23. Reimann M, Schmidt C, Herting B, Prieur S, Junghanns S et al (2010b) Comprehensive autonomic assessment does not differentiate between Parkinson’s disease, multiple system atrophy and progressive supranuclear palsy. J Neural Transm 117:69–76CrossRefPubMedGoogle Scholar
  24. Rüdiger H, Klinghammer L, Scheuch K (1999) The trigonometric regressive spectral analysis–a method for mapping of beat-to-beat recorded cardiovascular parameters on to frequency domain in comparison with Fourier transformation. Comput Methods Programs Biomed 58:1–15CrossRefPubMedGoogle Scholar
  25. Sauvageot N, Vaillant M, Diederich NJ (2011) Reduced sympathetically driven heart rate variability during sleep in Parkinson’s disease: a case-control polysomnography-based study. Mov Disord 26:234–240. doi:10.1002/mds.23479 CrossRefPubMedGoogle Scholar
  26. Schestatsky P, Ehlers JA, Rieder CR, Gomes I (2006) Evaluation of sympathetic skin response in Parkinson’s disease. Park Relat Disord 12:486–491CrossRefGoogle Scholar
  27. Task Force of the European Society of Cardiology and the North American Society of Pacing and Electrophysiology (1996) Heart rate variability: standards of measurement, physiological interpretation and clinical use. Circulation 93:1043–1065Google Scholar
  28. Turkka JT, Tolonen U, Myllylä VV (1987) Cardiovascular reflexes in Parkinson’s disease. Eur Neurol 26:104–112CrossRefPubMedGoogle Scholar
  29. Van Dijk JG, Haan J, Zwinderman K, Kremer B, van Hilten BJ et al (1993) Autonomic nervous system dysfunction in Parkinson’s disease: relationships with age, medication, duration, and severity. J Neurol Neurosurg Psychiatry 56:1090–1095CrossRefPubMedCentralPubMedGoogle Scholar
  30. Visser M, van Rooden SM, Verbaan D, Marinus J, Stiggelbout AM et al (2008) A comprehensive model of health-related quality of life in Parkinson’s disease. J Neurol 255:1580–1587. doi:10.1007/s00415-008-0994-4 CrossRefPubMedGoogle Scholar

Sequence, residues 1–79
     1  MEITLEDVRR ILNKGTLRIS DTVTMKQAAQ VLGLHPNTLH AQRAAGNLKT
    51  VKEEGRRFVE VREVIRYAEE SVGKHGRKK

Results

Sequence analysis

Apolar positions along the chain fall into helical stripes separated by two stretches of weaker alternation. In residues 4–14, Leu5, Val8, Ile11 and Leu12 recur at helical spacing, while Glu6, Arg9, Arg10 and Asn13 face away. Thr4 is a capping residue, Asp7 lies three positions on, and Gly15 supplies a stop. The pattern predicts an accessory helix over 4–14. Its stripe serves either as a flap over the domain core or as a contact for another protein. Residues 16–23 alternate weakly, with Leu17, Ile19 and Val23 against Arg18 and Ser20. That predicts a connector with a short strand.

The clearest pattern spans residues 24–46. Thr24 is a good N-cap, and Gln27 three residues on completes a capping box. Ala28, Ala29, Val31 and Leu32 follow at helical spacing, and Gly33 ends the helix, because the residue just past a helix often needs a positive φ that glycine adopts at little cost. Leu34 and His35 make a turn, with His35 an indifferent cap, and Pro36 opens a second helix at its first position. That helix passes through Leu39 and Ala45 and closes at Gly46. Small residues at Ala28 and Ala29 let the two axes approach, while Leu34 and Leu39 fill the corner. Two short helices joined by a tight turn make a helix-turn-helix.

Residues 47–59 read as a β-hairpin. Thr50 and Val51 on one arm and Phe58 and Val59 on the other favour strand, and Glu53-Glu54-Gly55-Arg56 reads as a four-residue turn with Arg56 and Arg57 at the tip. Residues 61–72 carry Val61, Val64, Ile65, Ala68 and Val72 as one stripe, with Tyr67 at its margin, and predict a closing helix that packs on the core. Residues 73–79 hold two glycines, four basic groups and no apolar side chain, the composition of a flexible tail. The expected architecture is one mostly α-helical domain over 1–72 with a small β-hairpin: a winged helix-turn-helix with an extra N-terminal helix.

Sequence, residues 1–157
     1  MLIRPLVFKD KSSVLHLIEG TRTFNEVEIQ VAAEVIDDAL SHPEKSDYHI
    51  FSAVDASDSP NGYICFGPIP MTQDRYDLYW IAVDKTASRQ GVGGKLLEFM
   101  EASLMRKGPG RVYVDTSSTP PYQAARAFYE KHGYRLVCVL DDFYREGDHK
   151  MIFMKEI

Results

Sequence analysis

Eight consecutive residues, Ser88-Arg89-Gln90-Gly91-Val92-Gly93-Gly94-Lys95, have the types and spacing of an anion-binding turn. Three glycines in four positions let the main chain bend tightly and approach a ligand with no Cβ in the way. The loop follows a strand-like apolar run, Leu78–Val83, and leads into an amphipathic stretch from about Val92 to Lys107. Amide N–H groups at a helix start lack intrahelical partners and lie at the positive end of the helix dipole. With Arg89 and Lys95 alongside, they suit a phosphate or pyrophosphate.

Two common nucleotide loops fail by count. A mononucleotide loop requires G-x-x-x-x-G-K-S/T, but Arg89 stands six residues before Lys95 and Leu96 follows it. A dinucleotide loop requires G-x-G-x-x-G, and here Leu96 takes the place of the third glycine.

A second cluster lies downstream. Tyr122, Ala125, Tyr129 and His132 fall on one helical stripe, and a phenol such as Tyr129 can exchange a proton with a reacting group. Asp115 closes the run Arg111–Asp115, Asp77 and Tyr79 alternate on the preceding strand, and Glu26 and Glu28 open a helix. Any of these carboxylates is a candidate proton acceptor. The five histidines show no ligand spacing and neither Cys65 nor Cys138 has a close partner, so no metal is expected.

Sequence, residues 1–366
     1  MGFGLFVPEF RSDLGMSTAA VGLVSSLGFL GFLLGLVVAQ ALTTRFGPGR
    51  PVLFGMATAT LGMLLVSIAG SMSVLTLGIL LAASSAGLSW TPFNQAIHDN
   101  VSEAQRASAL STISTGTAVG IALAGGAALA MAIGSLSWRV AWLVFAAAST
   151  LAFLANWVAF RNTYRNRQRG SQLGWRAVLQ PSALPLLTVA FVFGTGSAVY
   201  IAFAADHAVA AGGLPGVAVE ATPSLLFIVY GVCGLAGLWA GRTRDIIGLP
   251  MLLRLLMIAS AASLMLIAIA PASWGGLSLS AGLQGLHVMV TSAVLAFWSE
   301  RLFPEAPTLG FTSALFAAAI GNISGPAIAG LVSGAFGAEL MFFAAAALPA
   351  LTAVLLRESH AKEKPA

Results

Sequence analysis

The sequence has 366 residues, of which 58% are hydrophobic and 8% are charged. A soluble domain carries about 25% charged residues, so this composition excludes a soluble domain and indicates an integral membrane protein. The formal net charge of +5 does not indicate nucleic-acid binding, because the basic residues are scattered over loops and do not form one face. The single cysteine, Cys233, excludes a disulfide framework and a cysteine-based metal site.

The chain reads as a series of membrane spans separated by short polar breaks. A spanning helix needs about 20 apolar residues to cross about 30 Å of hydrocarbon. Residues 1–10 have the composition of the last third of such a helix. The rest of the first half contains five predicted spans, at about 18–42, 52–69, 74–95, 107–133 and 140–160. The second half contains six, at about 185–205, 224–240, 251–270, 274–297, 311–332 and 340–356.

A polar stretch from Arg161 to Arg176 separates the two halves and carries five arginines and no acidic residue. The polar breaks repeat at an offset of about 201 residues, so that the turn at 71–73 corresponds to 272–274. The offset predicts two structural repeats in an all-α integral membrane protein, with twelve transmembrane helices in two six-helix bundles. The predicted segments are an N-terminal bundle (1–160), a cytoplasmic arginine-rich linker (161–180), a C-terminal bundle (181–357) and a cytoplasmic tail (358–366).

31. Wang N, Gibbons CH, Lafo J, Freeman R (2013) α-Synuclein in cutaneous autonomic nerves. Neurology 81:1604–1610. doi:10.1212/WNL.0b013e3182a9f449 CrossRefPubMedCentralPubMedGoogle Scholar
  32. Ziemssen T, Reichmann H (2010) Cardiovascular autonomic dysfunction in Parkinson’s disease. J Neurol Sci 289:74–80CrossRefPubMedGoogle Scholar
  33. Ziemssen T, Reichmann H (2011) Cardiovascular autonomic testing in extrapyramidal disorders. J Neurol Sci 310:129–132. doi:10.1016/j.jns.2011.07.032 CrossRefPubMedGoogle Scholar

Copyright information

© Springer-Verlag Wien 2014

Authors and Affiliations

  • Walter Maetzler
    • 1
    • 2
  • Marie Karam
    • 1
    • 2
  • Monika Fruhmann Berger
    • 1
    • 2
  • Tanja Heger
    • 1
    • 2
  • Corina Maetzler
    • 1
    • 2
  • Heinz Ruediger
    • 3
  • Juliana Bronzova
    • 4
  • Patricia Pita Lobo
    • 4
  • Joaquim J. Ferreira
    • 4
  • Tjalf Ziemssen
    • 3
  • Daniela Berg
    • 1
    • 2
  1. 1.Department of Neurodegeneration, Hertie Institute for Clinical Brain ResearchUniversity of TuebingenTuebingenGermany
  2. 2.DZNE, German Center of Neurodegenerative DiseasesTüebingenGermany
  3. 3.Department of Neurology, Multiple Sclerosis Centre DresdenUniversity Clinic Carl Gustavus Carus, University of TechnologyDresdenGermany
  4. 4.Laboratory of Clinical Pharmacology and Therapeutics and Instituto de Medicina Molecular, Faculty of MedicineUniversity of LisbonLisbonPortugal

Personalised recommendations